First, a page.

Later comes the commercial laundry services that follow a very strict washing protocol, and they employ in-house specialists for this; followed by waste management solutions, special garbage management, fumigation and pest control, landscaping and gardening, and finally, renovations, repairs and painting. 

Jayawickrema further said that they offer another unique service in the form of infection control, in which they would allocate protocol officers to their clients in order to ensure that all operations that are being conducted are well maintained, sanitised, and followed through under regulations in order to provide the best possible results to their clients.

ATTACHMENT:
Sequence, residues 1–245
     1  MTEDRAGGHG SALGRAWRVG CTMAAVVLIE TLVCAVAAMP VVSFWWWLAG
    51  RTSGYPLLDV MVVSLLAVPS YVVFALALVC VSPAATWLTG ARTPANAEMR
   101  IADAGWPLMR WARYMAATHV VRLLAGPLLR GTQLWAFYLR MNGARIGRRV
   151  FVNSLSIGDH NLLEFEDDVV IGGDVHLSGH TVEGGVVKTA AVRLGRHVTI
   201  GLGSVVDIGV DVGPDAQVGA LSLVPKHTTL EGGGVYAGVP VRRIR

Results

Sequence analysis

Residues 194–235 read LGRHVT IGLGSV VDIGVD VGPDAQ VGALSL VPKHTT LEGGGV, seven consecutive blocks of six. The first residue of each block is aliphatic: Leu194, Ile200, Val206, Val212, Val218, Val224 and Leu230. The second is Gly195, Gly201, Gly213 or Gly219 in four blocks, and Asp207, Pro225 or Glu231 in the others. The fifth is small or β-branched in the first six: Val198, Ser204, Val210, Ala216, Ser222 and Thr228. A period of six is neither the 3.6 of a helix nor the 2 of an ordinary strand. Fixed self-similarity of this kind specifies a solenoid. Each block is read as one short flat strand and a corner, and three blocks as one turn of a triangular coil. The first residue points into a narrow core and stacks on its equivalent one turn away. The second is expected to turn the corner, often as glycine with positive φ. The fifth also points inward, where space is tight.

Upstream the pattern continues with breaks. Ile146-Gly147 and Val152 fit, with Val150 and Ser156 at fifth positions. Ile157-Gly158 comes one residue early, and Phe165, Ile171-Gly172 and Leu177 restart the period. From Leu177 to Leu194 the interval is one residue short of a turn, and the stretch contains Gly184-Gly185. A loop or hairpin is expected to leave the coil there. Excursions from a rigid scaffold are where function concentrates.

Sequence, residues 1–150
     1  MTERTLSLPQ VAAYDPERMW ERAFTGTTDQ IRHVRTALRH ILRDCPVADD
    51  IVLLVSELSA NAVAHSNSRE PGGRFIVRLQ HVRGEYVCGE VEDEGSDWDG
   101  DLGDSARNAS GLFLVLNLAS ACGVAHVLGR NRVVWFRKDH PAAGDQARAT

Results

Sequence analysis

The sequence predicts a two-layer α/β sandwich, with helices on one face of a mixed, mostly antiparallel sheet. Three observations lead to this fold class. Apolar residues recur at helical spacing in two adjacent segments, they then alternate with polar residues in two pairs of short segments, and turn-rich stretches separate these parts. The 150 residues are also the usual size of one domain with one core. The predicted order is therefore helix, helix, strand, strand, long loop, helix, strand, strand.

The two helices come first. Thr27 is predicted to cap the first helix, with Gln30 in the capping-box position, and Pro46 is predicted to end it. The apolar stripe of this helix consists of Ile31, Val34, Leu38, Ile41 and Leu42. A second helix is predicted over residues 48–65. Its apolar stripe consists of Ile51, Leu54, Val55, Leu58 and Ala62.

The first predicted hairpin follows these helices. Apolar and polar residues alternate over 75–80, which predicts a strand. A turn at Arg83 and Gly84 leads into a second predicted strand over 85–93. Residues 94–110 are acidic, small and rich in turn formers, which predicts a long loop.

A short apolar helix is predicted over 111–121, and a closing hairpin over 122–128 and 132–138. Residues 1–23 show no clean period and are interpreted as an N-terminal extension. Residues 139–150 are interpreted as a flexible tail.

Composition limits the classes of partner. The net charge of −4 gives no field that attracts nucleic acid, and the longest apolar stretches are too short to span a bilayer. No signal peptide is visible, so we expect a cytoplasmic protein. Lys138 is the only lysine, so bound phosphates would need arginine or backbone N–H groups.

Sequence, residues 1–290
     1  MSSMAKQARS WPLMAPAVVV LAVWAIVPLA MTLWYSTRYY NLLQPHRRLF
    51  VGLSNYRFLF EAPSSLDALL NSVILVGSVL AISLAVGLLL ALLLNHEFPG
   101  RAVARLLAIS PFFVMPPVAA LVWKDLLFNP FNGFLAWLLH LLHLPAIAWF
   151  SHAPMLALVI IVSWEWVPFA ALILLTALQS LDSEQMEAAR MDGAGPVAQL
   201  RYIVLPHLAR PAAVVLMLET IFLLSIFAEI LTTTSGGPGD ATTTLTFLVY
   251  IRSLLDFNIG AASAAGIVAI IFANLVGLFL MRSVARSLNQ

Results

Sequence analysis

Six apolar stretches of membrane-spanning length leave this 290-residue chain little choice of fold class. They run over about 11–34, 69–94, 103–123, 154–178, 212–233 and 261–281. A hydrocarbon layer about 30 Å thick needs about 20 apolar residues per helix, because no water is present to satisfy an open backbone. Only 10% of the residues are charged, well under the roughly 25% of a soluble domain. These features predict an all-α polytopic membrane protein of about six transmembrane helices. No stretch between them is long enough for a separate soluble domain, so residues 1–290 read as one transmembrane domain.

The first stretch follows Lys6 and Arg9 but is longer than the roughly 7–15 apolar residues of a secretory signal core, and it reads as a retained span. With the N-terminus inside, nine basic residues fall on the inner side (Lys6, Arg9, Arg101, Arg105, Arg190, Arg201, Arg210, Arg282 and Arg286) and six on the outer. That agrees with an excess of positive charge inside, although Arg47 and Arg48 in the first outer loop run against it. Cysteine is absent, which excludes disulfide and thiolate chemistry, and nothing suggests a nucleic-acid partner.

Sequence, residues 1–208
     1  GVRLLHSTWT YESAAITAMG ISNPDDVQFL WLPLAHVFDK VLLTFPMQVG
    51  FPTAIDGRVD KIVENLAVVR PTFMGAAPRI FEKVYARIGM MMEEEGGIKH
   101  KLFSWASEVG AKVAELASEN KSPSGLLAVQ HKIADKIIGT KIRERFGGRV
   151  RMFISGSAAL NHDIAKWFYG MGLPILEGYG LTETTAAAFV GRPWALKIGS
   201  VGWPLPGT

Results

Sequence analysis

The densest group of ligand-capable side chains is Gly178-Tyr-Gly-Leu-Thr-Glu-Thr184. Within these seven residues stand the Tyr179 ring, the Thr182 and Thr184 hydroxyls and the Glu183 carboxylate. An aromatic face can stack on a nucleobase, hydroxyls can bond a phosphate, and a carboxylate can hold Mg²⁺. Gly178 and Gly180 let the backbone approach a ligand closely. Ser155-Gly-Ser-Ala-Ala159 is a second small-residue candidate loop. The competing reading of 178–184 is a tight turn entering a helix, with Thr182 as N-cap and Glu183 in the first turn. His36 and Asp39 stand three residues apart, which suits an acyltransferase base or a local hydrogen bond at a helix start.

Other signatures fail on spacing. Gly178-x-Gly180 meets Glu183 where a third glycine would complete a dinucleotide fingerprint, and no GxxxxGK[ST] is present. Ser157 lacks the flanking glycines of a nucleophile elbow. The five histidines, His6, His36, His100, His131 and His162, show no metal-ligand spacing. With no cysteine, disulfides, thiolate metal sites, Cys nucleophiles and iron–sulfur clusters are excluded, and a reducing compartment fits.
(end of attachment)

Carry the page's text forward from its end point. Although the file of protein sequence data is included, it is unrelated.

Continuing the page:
Elaborating on this, she noted that protocol officers in their official uniforms would monitor the surroundings. For example, according to research, banks are seeing a high number of clients on a daily basis. However, during lunch, it becomes potentially contagious as everyone eats together. At this stage, our protocol officers ensure that only a limited number of people eat at once, make sure the place is sanitised and people are maintaining distance, whilst also monitoring other essential hygiene protocols.

Further, according to her, all CCL employees are ready to face any critical situation they would encounter during their job. For example, if a client is affected with Covid-19, a trauma protocol officer, as part of the cleaning procedure, will come forward in a very empathic manner and perform a rapid antigen test when required.